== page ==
19 March 2009

Lenovo IdeaPad Y530

Media master packs good sound, great value

THE $949 LENOVO IDEAPAD Y530'S 15.4-inch (1,280x800) glossy screen, textured Light Weave lid, excellent speakers, and HDMI port all make for an excellent multimedia experience. Weighing 6.6 pounds and measuring 1.4x14.2x10.3 inches (HWD), the Y530 is light enough for most commuters. It sports a textured material on the lid that sets it apart from Lenovo's business laptops.

A brushed aluminum plate surrounds the keyboard, adding a distinct bit of style while keeping fingerprints at bay, and the orange volume button—along with orange backlit touch buttons for controlling media playback and the EQ presets—is functional. The Y530's keyboard works well enough for productivity, but it isn't backlit. Our biggest beef with the keyboard is the Function key, which Lenovo placed in the bottom-left corner where the Ctrl key is supposed to be. It might not be a deal breaker, but touch typists will find it annoying.

We were also surprised when the plastic section above the keyboard, which houses the touch-sensitive buttons, popped out on the right side. No amount of prodding could get it to stay down, and considering that we barely moved this regular production unit around our office, that's not a good sign. We hope it's just a fluke, as Lenovo is typically known for its solid build quality.

The frameless screen has a glossy finish that goes all the way to the edge of the lid. It looked great at first, and it was certainly up to the task of making games and movies look good. But when we watched Terry Gilliam's Brazil, it became obvious that this screen works best for a single viewer. Tilting the screen just a couple of degrees resulted in major glare, and off to either side, colors quickly washed out. Because of the IdeaPad's foldover hinge design, the screen wouldn't lay flat, either.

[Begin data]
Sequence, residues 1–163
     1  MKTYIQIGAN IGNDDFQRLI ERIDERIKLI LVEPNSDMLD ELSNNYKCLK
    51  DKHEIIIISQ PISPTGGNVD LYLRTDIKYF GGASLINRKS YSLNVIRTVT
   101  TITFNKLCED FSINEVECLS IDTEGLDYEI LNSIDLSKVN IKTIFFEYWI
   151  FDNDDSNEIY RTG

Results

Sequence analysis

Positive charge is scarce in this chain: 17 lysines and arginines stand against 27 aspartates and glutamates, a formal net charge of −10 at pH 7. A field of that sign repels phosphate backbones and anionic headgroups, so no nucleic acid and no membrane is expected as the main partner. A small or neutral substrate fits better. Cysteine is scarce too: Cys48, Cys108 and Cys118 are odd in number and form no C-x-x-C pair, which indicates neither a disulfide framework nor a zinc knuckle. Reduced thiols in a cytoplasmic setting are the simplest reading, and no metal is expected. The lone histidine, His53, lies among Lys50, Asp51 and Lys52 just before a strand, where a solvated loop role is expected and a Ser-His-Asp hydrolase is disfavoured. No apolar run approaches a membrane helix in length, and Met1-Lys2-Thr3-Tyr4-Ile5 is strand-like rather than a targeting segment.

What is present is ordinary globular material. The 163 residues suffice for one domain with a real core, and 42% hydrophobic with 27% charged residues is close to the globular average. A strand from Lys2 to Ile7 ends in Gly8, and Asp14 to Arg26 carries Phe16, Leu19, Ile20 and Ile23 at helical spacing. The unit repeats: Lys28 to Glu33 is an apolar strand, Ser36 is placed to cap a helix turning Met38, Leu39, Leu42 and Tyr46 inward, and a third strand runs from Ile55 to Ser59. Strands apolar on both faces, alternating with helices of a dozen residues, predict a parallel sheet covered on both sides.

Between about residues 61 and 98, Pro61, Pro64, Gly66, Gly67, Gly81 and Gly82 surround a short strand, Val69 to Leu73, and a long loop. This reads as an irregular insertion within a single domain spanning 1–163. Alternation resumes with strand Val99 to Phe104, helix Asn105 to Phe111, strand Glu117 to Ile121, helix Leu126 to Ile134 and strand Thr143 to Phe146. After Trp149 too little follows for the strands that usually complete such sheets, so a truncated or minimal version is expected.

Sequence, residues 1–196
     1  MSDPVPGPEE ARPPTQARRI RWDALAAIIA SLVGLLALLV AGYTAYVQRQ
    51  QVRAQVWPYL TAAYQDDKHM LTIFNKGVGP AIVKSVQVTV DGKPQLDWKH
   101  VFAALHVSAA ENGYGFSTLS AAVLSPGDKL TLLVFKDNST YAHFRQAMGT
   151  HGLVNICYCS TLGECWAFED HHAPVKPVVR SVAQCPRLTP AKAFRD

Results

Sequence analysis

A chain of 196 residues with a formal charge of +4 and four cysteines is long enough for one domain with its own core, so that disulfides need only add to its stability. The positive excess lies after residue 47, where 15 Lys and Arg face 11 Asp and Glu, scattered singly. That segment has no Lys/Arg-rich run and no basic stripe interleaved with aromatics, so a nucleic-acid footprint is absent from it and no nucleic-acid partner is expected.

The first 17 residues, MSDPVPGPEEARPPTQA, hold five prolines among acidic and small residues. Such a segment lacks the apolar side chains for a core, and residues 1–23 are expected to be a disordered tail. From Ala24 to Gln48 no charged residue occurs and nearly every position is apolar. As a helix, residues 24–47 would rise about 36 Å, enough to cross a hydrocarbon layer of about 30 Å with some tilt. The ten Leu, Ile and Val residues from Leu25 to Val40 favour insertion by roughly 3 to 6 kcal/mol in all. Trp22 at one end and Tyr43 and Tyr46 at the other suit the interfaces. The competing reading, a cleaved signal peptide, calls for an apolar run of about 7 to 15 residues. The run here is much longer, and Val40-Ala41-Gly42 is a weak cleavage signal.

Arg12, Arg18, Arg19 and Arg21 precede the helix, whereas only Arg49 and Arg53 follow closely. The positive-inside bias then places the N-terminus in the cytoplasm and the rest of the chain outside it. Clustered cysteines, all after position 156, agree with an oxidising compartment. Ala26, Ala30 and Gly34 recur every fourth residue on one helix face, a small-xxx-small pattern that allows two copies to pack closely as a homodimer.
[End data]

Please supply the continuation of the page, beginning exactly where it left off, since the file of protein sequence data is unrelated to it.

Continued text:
Aside from HDMI, the left side of the Y530 sports a VGA port, two USB ports, an Ethernet jack, and an ExpressCard slot. Up front is a six-format multimedia card reader, and audio jacks, a third USB port, a FireWire connector, and a phone jack accompany the 8x optical drive on the right. A 250GB hard drive is housed inside.

The Y530's sound was superb for a laptop, thanks to its five speakers: two below the screen, two along the sides of the keyboard, and one small, downward-facing subwoofer that actually manages to push out a fair amount of bass. Don't expect to rock the house, but there's plenty of volume to kick out some serious living-room jams.

On our tests, the laptop never got more than slightly warm to the touch, but it didn't exactly burn up the Futuremark tests, either. The Y530 scored 3,161 in PCMark Vantage, which is below average, but not by much. On 3DMark06, the laptop managed a score of 2,084 at 1,024x768 resolution. The Y530 averaged just 16 frames per second (fps) at that resolution in our F.E.A.R. test and 12fps in Company of Heroes with all the bells and whistles turned on. With a 1.66GHz Core 2 Duo processor and Nvidia GeForce 9300M GS graphics, we didn't expect to be wowed; serious garners will definitely want to opt for the somewhat beefier 9500M G graphics option.

We would prefer at least a 2GHz processor, but Lenovo includes a hardware video decoder, which makes that a bit less of an issue. The laptop's score of 4,036 in Cinebench 10 is surprisingly above average but still not stellar. It finished our Mines conversion test in 4 minutes and 48 seconds and our Windows Media Encoder test in 7 minutes and 42 seconds. The battery lasted 2 hours and 4 minutes in our DVD rundown test, slightly below average and 11 minutes less than the $999 Gateway MC7803u's score, though that laptop sports a larger, eight-cell battery.

On the software side, exclusives such as VeriFace, a security feature that uses the Webcam to identify your face, and the OneKey Rescue System, a one-touch factory reset button, are nice enough. You also get a 90-day trial of Microsoft Office, and the one-year warranty on parts and labor is standard. For $949, the Lenovo IdeaPad Y530 is a capable multimedia laptop with excellent sound and a good-looking screen, provided you can live with a fair amount of glare. Its specs are on the low end for a multimedia laptop, but so is the price. If you own a Y510, the HDMI port is the only reason to upgrade. If you don't, you'll be hard-pressed to find an option with better-performance for less than $1,000. —Matt Safford

Computer Shopper March 2009


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